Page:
Mater Hospital Launches its First Lung Cancer Annual Report

16th December, 2015

  • Report launched by Minister Paschal Donohoe, TD shows significant strides made in the diagnosis and treatment, but that much more can be done
  • Lung cancer kills more women than breast cancer and remains the commonest cancer killer in men
  • Two thirds of suspected lung cancer patients receive the all-clear.


Patients are afraid to be assessed for lung cancer in case they turn out to have the disease, despite the improving and more effective treatments available.  This is according to the inaugural Lung Cancer Annual Report from the Mater Misericordiae University Hospital, part of the Ireland East Hospital Group, launched today.  The report contains a comprehensive review of the hospital’s key lung cancer services and provides a framework for its performance against international expert centres.

Minister Paschal Donohoe, TD, who is a local TD in the area, launched the annual report with Mr. Gordon Dunne, CEO of the Mater at an event attended by many of the hospital’s senior consultants and staff.  The report covers the hospital’s 2014 activities and highlights some important additional activity which is not captured by national studies.


The report’s findings also include;

  • Two thirds of assessed patients receiving an all-clear after initial assessment.
  • New technical advances mean patients have shorter recovery times thanks to innovative keyhole surgery techniques.


Lung cancer is the second-commonest cancer in women, but is the number one cancer killer – more than breast cancer.  However, in the main, lung cancer is preventable.

“Significant strides have been made at the Mater recently in terms of advanced diagnostics and provision of state-of-the-art treatments for our patients with this devastating disease,” said Dr. Dermot O’Callaghan, Consultant Respiratory, General Physician and Chair of the Hospital’s Lung Cancer Working Group.  “This first annual report is an important milestone in detailing the activity of our National Cancer Control Programme and highlights the high level of complex care delivered for our lung cancer patients.”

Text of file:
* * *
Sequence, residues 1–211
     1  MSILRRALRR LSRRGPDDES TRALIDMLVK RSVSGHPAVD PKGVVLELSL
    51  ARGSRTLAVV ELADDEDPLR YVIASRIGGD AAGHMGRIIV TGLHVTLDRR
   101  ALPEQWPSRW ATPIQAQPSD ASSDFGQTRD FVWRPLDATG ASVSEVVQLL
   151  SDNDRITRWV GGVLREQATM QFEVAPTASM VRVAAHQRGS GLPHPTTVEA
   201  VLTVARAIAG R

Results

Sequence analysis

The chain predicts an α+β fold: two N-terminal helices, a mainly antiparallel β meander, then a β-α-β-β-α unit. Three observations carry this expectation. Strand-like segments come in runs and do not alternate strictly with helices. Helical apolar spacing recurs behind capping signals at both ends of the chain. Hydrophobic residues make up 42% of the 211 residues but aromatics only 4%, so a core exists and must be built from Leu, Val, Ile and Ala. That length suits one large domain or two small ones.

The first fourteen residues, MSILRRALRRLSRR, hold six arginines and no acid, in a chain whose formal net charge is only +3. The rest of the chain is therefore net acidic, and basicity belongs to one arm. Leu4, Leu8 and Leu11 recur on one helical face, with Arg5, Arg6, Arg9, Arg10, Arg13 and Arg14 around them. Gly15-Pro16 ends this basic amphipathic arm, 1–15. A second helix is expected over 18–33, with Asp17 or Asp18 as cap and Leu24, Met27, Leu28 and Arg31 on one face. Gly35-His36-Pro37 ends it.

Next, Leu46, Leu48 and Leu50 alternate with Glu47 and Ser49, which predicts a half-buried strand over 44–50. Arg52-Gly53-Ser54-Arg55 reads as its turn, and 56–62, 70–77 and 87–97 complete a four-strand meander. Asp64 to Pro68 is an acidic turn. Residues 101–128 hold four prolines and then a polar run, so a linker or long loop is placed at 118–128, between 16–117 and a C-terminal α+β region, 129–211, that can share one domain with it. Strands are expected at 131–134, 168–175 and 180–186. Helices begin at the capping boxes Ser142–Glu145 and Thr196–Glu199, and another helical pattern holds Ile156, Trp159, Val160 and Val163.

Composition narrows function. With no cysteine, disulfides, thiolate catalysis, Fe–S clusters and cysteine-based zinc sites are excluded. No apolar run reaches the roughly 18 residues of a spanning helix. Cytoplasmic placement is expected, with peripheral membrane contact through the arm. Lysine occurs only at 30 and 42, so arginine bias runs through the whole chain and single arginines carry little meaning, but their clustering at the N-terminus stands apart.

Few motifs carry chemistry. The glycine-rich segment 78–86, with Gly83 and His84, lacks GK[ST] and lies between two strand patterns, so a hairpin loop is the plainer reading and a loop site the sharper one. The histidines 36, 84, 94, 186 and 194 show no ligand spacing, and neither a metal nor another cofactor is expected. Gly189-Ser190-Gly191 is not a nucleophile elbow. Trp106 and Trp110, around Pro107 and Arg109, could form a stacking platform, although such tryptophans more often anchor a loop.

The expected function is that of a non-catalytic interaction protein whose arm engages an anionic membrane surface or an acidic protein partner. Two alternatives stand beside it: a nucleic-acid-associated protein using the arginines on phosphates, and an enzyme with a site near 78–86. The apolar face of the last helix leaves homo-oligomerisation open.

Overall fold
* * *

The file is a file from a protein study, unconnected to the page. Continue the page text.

With over 2,000 cases of lung cancer diagnosed each year, the Mater Hospital is at the forefront of complex care services in Ireland.  Although recent figures have shown that the risk of lung cancer is falling for men, due to a long-term drop in the number of men who are smokers that same risk is still increasing for women.  In fact, although lung cancer is the second-commonest cancer in women, it is the number one cancer killer – more than breast cancer.


Minister for Transport, Tourism & Sport, Paschal Donohoe, TD said, “I would like to acknowledge the dedication and hard work carried out by Dr. O’Callaghan and his team in the Rapid Access Lung Clinic and to thank them for the difference they are making to the lives of those who are in need of cancer treatment. While we are working towards a Tobacco Free Ireland, it’s very concerning to learn about the number of women who continue to smoke and the fact that lung cancer is the number one cancer killer among our female population. We must continue our efforts to reduce the level of smoking, especially among our younger members of society to ensure their health in later years. I welcome this, the first report of its kind from the Mater which will be of considerable benefit to the hospital and to staff working in this area.”


The Mater hospital is one of only four centres that offer curative surgery for the disease in the country. As a result of recent efforts, lung cancer is trending downwards in men but is still trending upwards in women.

“There’s still a stigma, and sometimes even a blame element, around lung cancer,” says Dr. O’Callaghan.  “Many people think that this disease is self-inflicted.  However, non-smokers can also get the disease, as can people who have stopped smoking decades ago.  Despite this, two thirds of patients who are assessed are reassured that they don’t have the disease.”